You know those brown spots that show up on your face, hands and chest that, like, aren't freckles? You know the ones? It's called hyperpigmentation - also known as liver spots or age spots - and it's SO common among Australian women that it's almost weird if you don't have them.
"Liver spots are also known as age spots, solar lentigines and various other names. They are a large 'blob' of pigmentation that occurs on the skin, usually in sun-exposed areas of the skin," explained Dr Giulia D'Anna from Dermal Distinction.
"They are typically found on the top of the head (particularly in follicularly-challenged men), the back of hands, side of face and decolletage." Cute!
Watch: Need to up your sun care game? Of course you do. We all do. Here's how to protect your skin from the sun. Post continues below.
So they're not freckles? Or they are?
"They are much larger than freckles and look like multiple freckles combined together. They are not in themselves dangerous, but sun exposed skin is always at higher risk of unwanted damage," explains Dr D'Anna.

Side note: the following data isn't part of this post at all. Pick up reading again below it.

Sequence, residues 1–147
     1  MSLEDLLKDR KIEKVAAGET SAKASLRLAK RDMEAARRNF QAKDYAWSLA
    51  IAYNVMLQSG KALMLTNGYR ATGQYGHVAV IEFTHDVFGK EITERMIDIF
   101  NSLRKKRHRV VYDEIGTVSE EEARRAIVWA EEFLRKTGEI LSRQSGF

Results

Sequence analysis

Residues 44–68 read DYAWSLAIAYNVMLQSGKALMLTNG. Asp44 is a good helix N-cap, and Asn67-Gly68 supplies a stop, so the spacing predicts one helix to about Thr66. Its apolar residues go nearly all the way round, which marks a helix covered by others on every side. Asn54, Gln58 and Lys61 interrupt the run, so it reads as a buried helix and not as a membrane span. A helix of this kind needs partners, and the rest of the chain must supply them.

Okay not freckles, got it.
Sooo... why do I have them?
Y'see, friends - these spots are REAL easy to get. And we'll give you one guess as to what causes them. Go on, just guess!
Yep - got it in one.
The sun is the most common cause of age/liver spots.
Listen to Mamamia's podcast for your face, You Beauty, where we talk about how to lessen pigmentation caused by sun damage and pregnancy. Post continues below.
"They occur because of a local and benign (non-cancerous) increase in melanocytes, the pigment-producing cells found at the junction of our epidermis (top layer of skin) and the dermis (inner layer)," explained Melbourne-based dermatologist Dr Shyamalar Gunatheesan.
Melanocytes are basically what causes a suntan (that old school thing that no one does anymore, cause we're all smart little chickens who know waaay better), but also hyperpigmentation or dark spots.
"These cells do not have stem cells and have cellular arms that extend out into the skin. These arms are quite fragile and subject to damage. When they do get damaged, the arms 'leak' melanin in big patches rather than an even distribution through the skin," said Dr D'Anna.